|My first glimpses of Siem Reap were full of|
dust and intense heat from the back of a
tuk-tuk - and were absolutely enchanting.
Mr. Thorn, my tuk-tuk driver, pulled up in front of a pretty, peach-colored building and I walked into the charm of Hotel 89's lobby.
After arranging for my visit to Angkor Wat the next day with the front desk, then making myself at home in a room that was comfortable and welcoming (and air-conditioned!) at only USD $15 per night, I wandered toward Pub Street and the center of Siem Reap.
|The quality of light in Cambodia is unlike anything I've seen|
anywhere else in the world, and it adds to the lush beauty of
the countryside in a way that's completely captivating.
With every step, I was more enchanted. I'd never before been in a place where all of the action on the street seemed to take place so completely at the same level. Sure, I was (sometimes) on a sidewalk, but motorbike drivers grinned at me as they went flying past my elbow, local occupants of tuk-tuks looked at me with curiosity and the cars quickly made it clear that the idea of pedestrian right-of-way definitely does not exist in Siem Reap and that if I wanted to cross, I had better saunter partway (and not at an intersection - who uses those?), wait in the middle of the street for them to drive past and then continue on my way, like everyone else.
After a souvenir stop at fair trade merchant Rajana and a dinner of delicious tofu amok and Angkor Beer at Pub Street's Le Tigre du Papier, I wound my way back through town, sharing a stricken look and then a laugh with a moto driver who happened to speed past just as I was catching my balance after tripping over a crack in the sidewalk.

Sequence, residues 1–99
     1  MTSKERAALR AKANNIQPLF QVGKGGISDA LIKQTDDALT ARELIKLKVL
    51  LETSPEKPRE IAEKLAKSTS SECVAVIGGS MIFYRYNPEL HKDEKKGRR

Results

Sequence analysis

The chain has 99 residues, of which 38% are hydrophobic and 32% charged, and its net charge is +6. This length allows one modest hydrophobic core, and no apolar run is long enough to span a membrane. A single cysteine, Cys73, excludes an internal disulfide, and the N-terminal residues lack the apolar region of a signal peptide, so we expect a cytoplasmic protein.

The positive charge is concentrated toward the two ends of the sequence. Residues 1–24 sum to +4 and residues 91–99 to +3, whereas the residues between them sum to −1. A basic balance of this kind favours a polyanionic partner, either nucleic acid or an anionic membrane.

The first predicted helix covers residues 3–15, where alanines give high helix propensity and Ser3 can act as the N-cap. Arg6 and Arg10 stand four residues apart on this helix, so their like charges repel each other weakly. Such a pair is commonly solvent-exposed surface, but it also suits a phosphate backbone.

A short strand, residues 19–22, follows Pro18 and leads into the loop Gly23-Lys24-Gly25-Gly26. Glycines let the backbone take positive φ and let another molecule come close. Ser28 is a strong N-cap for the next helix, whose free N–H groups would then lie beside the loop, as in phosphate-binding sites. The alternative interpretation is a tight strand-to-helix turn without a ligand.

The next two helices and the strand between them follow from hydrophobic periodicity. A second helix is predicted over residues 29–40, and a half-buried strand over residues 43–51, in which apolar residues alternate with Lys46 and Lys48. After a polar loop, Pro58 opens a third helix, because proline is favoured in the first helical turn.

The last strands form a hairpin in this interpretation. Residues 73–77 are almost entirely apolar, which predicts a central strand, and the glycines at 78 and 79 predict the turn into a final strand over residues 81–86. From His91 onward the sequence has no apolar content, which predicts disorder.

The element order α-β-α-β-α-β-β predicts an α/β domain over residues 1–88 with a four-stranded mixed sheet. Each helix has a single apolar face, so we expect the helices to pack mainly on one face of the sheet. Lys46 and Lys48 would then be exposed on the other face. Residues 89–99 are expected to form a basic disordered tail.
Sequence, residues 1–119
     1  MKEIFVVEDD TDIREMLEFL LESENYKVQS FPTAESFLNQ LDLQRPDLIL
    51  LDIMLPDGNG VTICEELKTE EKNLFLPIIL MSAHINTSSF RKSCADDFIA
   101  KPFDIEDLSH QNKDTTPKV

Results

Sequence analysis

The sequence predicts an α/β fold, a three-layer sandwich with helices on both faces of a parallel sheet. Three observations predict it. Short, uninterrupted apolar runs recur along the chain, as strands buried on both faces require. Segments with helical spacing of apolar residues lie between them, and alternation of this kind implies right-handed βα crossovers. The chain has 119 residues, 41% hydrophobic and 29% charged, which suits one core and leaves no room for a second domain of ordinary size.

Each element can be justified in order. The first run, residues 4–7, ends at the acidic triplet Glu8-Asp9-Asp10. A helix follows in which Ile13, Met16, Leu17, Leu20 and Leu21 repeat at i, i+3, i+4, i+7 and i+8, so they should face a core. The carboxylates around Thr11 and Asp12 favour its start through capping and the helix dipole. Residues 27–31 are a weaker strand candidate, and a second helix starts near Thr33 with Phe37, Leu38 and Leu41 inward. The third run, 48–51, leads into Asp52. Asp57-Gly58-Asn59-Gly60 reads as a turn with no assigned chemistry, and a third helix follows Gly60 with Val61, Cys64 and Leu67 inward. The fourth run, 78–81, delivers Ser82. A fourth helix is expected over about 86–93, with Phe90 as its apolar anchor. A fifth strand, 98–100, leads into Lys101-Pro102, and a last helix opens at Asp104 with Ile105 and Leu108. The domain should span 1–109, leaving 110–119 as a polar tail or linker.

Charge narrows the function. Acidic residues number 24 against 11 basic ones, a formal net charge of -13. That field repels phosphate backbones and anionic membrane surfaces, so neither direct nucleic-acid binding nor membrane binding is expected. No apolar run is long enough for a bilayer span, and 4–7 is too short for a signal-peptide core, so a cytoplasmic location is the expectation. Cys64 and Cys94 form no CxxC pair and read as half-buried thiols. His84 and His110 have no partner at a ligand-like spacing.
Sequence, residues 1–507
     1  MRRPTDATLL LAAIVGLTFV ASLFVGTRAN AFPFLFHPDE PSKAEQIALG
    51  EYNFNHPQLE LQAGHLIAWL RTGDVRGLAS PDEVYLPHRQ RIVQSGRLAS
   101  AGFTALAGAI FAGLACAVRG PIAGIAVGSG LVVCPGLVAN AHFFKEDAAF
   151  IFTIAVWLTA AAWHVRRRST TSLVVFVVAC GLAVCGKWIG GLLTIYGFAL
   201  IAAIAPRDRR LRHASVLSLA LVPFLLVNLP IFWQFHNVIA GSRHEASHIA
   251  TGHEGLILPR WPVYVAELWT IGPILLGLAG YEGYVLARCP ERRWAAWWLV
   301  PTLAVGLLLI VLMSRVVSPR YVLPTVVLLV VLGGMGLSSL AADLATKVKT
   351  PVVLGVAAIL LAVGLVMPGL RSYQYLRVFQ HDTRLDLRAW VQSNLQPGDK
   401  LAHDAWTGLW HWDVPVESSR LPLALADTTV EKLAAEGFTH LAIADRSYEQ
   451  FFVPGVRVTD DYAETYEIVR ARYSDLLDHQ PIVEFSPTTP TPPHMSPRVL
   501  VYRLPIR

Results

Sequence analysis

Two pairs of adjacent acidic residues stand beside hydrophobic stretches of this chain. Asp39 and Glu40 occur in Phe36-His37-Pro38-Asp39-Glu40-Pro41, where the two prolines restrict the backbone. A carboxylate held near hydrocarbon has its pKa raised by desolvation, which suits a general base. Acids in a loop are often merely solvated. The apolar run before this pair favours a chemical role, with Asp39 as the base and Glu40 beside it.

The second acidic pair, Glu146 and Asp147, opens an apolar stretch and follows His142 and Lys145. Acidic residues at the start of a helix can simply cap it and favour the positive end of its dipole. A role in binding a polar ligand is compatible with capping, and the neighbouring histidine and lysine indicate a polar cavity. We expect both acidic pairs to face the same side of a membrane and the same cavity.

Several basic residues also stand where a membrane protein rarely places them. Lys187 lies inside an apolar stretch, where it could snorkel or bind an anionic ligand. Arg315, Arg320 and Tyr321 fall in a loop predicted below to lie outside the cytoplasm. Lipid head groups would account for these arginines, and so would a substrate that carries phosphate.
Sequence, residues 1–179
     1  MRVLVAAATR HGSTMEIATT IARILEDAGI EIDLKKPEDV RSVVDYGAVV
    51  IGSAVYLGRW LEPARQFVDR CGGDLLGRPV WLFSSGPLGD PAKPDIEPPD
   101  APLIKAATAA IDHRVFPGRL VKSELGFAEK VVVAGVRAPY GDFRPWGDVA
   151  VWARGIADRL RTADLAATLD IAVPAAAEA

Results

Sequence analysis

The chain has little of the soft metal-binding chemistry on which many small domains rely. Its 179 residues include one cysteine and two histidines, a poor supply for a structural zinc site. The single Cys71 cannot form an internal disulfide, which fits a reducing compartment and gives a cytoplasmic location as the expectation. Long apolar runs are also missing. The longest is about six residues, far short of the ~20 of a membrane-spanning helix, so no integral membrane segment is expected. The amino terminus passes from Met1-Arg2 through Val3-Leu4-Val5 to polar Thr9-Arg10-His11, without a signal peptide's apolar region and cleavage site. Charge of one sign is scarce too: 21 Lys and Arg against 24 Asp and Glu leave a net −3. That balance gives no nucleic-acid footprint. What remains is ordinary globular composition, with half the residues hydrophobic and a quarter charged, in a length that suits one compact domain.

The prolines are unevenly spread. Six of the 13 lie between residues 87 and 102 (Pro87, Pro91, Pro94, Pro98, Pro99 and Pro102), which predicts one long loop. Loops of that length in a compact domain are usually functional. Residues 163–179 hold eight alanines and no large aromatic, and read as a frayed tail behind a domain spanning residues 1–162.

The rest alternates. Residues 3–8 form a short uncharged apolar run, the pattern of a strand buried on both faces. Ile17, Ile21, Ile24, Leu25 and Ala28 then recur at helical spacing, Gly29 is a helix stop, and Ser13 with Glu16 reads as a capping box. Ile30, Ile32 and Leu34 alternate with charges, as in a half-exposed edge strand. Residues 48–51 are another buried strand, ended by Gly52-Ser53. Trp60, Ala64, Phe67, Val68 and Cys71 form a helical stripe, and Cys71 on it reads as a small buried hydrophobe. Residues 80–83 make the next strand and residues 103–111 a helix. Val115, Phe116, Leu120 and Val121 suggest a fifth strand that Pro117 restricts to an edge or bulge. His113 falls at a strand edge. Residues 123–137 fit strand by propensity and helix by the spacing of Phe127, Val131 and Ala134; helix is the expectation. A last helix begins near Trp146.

Angkor is a vast subject unto itself (and will have its own post somewhere down the road!), but I can tell you that I loved it and that it only deepened my appreciation for the region and the Cambodian people.
|Life in Cambodia may not be easy, but it's|
as vibrant as its street traffic.
I don't want to give the impression that Siem Reap is all rainbows and butterflies - it's very far from it. Landmine victims hobble down the street on what's left of their legs, begging for money or food; children who should be in school fall into step with you, asking where you're from and repeating a litany of facts they've had drilled into them about your country or state, trying to convince you to buy a set of postcards; both poor standards of living and abject poverty are evident everywhere you look.
But the strength of spirit of the Cambodian people is equally evident. They may have nothing more to offer than a smile and a joke, but they're unfailingly generous with those. Their sunny cheer, as they call out "Hey lay-dee, need a tuk-tuk?" from across the street or offer directions when you're looking particularly lost, is incomparable and blends with their country's mesmerizing quality of light and colorful culture to form a national charm that's impossible to hold out against.
I flew into Cambodia expecting a couple days' worth of history lessons. I flew out with an entirely unanticipated love of the country and deep respect for its people that will keep me ready to jump at any chance to go back.